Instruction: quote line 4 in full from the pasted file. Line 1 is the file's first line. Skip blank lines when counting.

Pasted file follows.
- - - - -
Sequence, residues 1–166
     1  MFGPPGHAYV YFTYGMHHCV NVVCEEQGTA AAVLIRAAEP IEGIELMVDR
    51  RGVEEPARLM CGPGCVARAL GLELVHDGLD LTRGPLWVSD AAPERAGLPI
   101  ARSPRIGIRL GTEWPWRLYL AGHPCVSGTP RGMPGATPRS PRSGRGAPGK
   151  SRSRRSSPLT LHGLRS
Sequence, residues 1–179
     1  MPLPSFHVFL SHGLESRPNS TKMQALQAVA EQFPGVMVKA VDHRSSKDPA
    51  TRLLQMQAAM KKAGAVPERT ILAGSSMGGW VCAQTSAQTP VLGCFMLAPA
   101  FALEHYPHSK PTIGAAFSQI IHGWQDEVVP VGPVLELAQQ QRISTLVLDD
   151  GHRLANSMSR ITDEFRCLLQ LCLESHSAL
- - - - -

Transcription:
   101  ARSPRIGIRL GTEWPWRLYL AGHPCVSGTP RGMPGATPRS PRSGRGAPGK